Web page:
Low-Cost Battery from Waste Graphite
Time : 2019.08.06
These metals offer a high degree of safety, even if the anode is made of pure metal. This also offers the opportunity to assemble the batteries in a very simple and inexpensive way and to rapidly upscale the production.
To solve the problem, the researchers turned the principle of the lithium–ion battery upside down. In conventional Li–ion batteries, the anode is made of graphite. In Kovalenko’s battery, on contrary, the graphite is used as a cathode. The thick anions are deposited in-between the graphene layers. In Kovalenko’s battery, the anode is made of metal.
Kravchyk made a remarkable discovery: he found that waste graphite produced in steel production, referred to as ”kish graphite”, makes for a great cathode material. Natural graphite also works equally well – if it is supplied in coarse flakes. Here, the graphite layers are open at the flakes’ edges and the thick anions are thus able to slip into the structure more easily.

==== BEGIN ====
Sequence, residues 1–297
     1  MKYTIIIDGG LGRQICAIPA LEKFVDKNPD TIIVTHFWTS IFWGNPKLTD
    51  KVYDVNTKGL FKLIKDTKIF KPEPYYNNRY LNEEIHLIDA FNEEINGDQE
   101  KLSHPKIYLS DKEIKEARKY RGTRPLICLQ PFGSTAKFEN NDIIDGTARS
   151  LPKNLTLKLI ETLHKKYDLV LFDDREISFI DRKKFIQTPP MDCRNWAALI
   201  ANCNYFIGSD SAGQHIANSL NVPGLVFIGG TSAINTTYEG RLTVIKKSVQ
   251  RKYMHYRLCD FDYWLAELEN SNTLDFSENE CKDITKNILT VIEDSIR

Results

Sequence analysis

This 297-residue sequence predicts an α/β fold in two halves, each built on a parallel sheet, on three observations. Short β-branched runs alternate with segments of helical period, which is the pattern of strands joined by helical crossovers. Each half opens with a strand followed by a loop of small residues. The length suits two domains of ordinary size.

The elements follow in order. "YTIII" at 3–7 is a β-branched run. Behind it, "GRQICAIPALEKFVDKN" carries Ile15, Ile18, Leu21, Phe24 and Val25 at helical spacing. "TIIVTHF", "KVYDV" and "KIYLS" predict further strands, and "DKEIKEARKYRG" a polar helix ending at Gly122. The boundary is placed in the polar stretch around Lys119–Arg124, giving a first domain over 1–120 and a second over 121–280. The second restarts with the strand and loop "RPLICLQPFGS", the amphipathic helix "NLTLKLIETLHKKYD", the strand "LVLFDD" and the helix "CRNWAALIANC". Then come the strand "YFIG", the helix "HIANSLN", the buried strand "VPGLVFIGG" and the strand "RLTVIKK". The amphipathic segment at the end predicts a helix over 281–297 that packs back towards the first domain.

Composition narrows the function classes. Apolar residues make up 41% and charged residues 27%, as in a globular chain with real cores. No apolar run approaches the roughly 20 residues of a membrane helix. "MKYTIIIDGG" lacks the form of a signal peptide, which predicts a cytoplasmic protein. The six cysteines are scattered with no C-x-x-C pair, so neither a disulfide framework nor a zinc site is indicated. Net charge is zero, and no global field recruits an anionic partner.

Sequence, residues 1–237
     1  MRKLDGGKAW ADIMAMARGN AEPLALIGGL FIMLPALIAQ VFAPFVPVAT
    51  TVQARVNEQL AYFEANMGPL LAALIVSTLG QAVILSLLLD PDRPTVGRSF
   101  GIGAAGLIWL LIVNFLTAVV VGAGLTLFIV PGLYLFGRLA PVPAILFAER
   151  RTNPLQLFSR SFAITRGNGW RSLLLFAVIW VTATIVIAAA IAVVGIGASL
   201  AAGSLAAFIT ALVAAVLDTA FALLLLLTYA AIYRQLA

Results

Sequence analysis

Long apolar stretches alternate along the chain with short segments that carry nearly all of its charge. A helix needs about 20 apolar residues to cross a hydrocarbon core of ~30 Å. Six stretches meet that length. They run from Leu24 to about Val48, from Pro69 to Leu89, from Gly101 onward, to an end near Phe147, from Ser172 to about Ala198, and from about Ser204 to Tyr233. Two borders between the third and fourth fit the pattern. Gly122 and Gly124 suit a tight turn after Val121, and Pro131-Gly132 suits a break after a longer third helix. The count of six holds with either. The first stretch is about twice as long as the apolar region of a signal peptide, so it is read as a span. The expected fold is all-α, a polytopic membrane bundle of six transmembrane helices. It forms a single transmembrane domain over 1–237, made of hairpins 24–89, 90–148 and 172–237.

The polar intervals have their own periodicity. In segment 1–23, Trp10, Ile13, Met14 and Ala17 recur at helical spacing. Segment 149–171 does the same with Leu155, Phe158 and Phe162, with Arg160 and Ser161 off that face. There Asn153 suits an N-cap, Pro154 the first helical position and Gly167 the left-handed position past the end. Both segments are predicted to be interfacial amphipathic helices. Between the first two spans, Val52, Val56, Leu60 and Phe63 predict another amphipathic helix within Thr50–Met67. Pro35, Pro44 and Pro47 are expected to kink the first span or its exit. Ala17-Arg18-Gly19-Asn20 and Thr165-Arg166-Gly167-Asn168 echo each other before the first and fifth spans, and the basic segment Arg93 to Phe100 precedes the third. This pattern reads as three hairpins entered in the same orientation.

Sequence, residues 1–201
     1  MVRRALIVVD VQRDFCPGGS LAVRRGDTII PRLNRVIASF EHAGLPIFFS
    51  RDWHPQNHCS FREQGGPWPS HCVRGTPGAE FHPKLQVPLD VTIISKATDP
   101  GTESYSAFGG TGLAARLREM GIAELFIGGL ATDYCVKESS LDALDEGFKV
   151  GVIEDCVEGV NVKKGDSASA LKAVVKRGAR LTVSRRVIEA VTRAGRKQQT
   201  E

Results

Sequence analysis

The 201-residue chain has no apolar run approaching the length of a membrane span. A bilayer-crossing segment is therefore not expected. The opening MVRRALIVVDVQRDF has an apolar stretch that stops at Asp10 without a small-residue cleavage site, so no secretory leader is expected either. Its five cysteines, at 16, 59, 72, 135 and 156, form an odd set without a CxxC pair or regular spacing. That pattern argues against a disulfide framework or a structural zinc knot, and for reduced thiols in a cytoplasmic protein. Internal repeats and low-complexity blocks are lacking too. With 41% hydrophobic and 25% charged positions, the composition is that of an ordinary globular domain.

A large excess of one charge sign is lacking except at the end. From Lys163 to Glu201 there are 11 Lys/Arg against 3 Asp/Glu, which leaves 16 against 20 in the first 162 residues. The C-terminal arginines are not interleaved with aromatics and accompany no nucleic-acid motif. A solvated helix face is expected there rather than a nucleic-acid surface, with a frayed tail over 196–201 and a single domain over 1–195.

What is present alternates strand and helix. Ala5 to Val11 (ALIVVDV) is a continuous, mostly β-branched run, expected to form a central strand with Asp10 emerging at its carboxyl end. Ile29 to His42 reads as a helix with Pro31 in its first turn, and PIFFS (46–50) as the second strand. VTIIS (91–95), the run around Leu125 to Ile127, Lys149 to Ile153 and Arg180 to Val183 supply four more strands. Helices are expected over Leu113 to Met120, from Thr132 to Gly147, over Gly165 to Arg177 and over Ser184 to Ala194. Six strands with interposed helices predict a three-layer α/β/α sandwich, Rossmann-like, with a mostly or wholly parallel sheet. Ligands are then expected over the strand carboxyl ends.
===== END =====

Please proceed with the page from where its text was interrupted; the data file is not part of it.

The graphite cathode battery constructed from steel production “kish graphite” or raw, natural graphite flakes has the potential to become highly cost-effective. And if the first experiments are anything to go by, it is also long-lasting. For several months, a lab system survived thousands of charging and discharging cycles.
“The aluminum chloride–graphite cathode battery could last decades in everyday household use,” explains Kravchyk and adds “similar demonstrations, but further increased battery voltages, without compromising capacities, and of even lighter elements are on the way and will offer further increase in energy densities.”